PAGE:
During a ribbon cutting on Thursday, September 28, 2017, Chapel Hill-Chauncy Hall unveiled two new spaces on campus, the Nancy S. Emery Memorial Garden and the CH-CH Learning Commons.
Nancy Spooner Emery was a member of the CH-CH community from 1972-1997. During her time, Nancy was a beloved teacher, educator, colleague, and friend. She shaped the lives of individual students, she mentored faculty members and she helped to create a school where each person mattered and was recognized and respected for their individual worth.
As a former CH-CH teacher, current Trustee, and a good friend of Nancy, Margaret Allen spoke at the ribbon cutting to the importance behind the Nancy S. Emery Memorial Garden. “There are times in the life of an organization when things come together to create a special moment, a unique opportunity. This is one of those times for Chapel Hill-Chauncy Hall”, said Allen. “Today, we recognize this extraordinary person, Nancy Spooner Emery, and honor the central role she played in the history of the School, as she worked to guide it from its early beginnings to the School that it is today.”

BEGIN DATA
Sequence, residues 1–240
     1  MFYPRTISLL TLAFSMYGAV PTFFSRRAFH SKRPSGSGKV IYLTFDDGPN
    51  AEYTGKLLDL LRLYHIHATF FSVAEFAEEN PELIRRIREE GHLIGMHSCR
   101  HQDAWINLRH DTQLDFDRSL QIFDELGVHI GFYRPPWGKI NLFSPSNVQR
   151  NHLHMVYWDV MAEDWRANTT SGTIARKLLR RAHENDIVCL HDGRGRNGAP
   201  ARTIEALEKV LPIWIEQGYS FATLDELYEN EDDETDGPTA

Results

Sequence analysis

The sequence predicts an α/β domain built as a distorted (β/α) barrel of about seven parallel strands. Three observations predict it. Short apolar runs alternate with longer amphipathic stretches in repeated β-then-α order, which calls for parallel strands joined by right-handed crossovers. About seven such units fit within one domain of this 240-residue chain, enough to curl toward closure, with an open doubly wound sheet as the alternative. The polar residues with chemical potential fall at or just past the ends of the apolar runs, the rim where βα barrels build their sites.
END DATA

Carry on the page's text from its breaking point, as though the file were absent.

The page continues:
The Nancy S. Emery Memorial Garden will be used for both outdoor classroom space and independent work and features flowering plants and trees, and a Soapstone Sphere designed by David Allen ’93 of Stone Point Studio. It is a place designed for quiet reflection and the peaceful enjoyment of nature, with an aesthetic that would have pleased Nancy's sensibilities.
The CH-CH Learning Commons brings many new features, including a maker space with 3D printing capabilities, a collection of modular group work tables, and a portable stage. It also is the new location of CH-CH’s collection of books, reference materials, and access to the many databases and online resources. A key aspect of nurturing this creativity is flexibility. The entire space is designed to be flexible enough to accommodate several small groups of two, three, or four students working together, but can also become a space big enough to handle two whole classes working separately, or an entire grade level engaged in some large group activity.